Low Frequency Extension: N/A

Surround Sound Presentation: N/A

Dialogue Reproduction:  Loud and clear.  A couple lines featured a hint of peaking, but other than that this is a very clean track.

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Pumpkinhead II:  Blood Wings comes with reverse artwork featuring another VHS cover image.  I must mention, while this is not a Collector’s Edition, its a pretty impressive little group of extras.  Even moreso than the most recent Collector’s Edition of Squirm had to offer.

Audio Commentary

  • With Director Jeff Burr – This is ported over from the previous DVD release of the film

Interview With Director Jeff Burr (HD, 1:02:01) – The director touches a little bit on the other notable genre films in his career and being a part of it, but he gives a very honest and detailed recollection on every aspect of this film.  The interview features stills as well as VHS behind the scenes footage.

Re-Creating The Monster – Interview With Special Effects Artists Greg Nicotero, Gino Crognale and Actor Mark McCracken (HD, 32:39) – The effects men as well as the actor who played Pumpkinhead in the film have a nice little retrospective on shooting the film from their perspective.  Like the Jeff Burr interview, there are stills and behind the scenes footage that plays during the retrospective.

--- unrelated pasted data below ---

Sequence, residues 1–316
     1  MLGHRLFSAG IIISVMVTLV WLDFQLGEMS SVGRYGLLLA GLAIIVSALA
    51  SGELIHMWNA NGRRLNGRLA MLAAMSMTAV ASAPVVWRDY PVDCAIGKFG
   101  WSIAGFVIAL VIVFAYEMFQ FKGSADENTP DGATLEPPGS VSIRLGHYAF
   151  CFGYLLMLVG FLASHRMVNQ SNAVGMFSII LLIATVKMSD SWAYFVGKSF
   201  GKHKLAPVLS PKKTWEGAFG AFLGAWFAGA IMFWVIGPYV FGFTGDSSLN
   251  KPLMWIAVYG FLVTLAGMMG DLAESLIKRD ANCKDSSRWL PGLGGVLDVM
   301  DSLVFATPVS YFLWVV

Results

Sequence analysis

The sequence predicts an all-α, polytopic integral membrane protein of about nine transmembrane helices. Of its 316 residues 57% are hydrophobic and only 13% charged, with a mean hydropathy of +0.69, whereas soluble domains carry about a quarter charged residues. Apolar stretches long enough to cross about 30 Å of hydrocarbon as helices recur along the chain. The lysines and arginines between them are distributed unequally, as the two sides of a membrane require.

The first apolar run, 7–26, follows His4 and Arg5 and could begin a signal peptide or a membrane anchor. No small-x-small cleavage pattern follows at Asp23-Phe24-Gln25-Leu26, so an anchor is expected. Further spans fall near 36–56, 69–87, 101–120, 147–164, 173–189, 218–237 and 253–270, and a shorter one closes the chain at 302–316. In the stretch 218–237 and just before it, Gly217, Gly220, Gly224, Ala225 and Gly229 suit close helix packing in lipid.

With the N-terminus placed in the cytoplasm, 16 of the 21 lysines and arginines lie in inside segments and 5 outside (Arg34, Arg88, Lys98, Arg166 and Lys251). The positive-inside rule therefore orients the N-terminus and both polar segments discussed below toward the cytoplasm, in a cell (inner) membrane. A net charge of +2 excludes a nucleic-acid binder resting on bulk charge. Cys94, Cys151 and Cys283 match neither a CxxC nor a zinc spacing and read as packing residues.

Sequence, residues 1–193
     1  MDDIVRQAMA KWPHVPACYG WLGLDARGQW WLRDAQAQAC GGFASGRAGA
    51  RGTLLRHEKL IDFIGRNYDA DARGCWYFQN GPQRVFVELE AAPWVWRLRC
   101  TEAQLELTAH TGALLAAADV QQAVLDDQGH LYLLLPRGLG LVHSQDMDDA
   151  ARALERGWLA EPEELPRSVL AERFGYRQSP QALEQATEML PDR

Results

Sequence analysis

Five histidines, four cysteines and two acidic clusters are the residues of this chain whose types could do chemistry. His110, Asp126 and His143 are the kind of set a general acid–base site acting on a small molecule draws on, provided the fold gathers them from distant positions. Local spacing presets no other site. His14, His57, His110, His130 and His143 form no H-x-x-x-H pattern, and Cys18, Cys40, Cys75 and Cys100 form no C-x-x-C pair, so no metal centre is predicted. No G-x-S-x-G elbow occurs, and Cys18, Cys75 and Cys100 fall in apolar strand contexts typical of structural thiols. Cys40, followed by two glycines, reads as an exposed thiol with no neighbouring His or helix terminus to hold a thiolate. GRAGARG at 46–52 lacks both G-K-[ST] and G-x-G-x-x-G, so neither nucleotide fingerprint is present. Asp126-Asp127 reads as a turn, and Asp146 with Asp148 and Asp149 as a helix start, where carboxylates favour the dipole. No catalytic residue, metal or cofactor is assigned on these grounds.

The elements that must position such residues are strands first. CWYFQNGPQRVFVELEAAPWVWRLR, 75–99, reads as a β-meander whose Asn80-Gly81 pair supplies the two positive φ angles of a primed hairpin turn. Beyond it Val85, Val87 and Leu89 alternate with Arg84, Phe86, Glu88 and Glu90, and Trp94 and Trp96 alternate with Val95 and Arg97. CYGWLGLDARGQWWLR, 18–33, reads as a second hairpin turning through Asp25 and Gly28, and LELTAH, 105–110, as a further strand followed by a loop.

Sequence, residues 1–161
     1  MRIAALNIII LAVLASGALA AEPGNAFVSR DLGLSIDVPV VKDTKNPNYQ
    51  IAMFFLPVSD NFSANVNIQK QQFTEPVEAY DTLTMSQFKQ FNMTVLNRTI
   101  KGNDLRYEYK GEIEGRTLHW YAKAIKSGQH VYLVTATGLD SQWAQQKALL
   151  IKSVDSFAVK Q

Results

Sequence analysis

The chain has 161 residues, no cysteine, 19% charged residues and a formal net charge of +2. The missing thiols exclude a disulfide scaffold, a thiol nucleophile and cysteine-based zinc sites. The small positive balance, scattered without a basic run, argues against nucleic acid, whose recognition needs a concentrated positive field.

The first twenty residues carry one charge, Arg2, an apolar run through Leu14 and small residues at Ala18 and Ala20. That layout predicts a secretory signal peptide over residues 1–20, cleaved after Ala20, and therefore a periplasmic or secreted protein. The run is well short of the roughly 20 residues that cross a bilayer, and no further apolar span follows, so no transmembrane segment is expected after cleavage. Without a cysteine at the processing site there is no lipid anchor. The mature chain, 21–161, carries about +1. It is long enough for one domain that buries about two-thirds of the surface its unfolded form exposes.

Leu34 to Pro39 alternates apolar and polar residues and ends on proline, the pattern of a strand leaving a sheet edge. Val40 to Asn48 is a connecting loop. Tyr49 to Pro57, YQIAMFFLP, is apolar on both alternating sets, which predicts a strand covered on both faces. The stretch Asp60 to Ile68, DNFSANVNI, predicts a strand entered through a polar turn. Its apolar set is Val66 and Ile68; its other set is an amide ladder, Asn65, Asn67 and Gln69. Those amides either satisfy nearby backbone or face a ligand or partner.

Behind The Scenes Footage (HD, 17:24) – This is all of that behind the scenes VHS footage in its full form.  Pretty awesome to see the shooting of a big monster film like this.

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 Pumpkinhead II: Blood Wings is a nice little bit of nostalgia tripping for me.  I find it to be a bad movie that I can still have myself some fun with.  Plus we have Ami Dolenz here in HD.  Speaking of, this has a rather impressive video transfer and a stunning 2.0 audio track that make for one hell of a good Pumpkinhead II presentation.  Tacking on the the already impressive release is the interviews supplied along with some groovy home movie footage of shooting effects shots.  You also get the commentary ported over from a previous release.  Folks, this may not say it on the cover, but its pretty much as good as some of the Collector’s Editions Scream Factory is putting out.  Definitely pick it up!

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Brandon is the host, producer, writer and editor of The Brandon Peters Show (thebrandonpetersshow.com) on the Creative Zombie Studios Network. At Why So Blu he is a Writer/Reviewer. Brandon is a lifelong obsessive film nerd. As eager to educate in the world of film as I am to learn. An avid lover of horror, schlock and trash. You can also find older essays on his blog Naptown Nerd (naptownnerd.blogspot.com).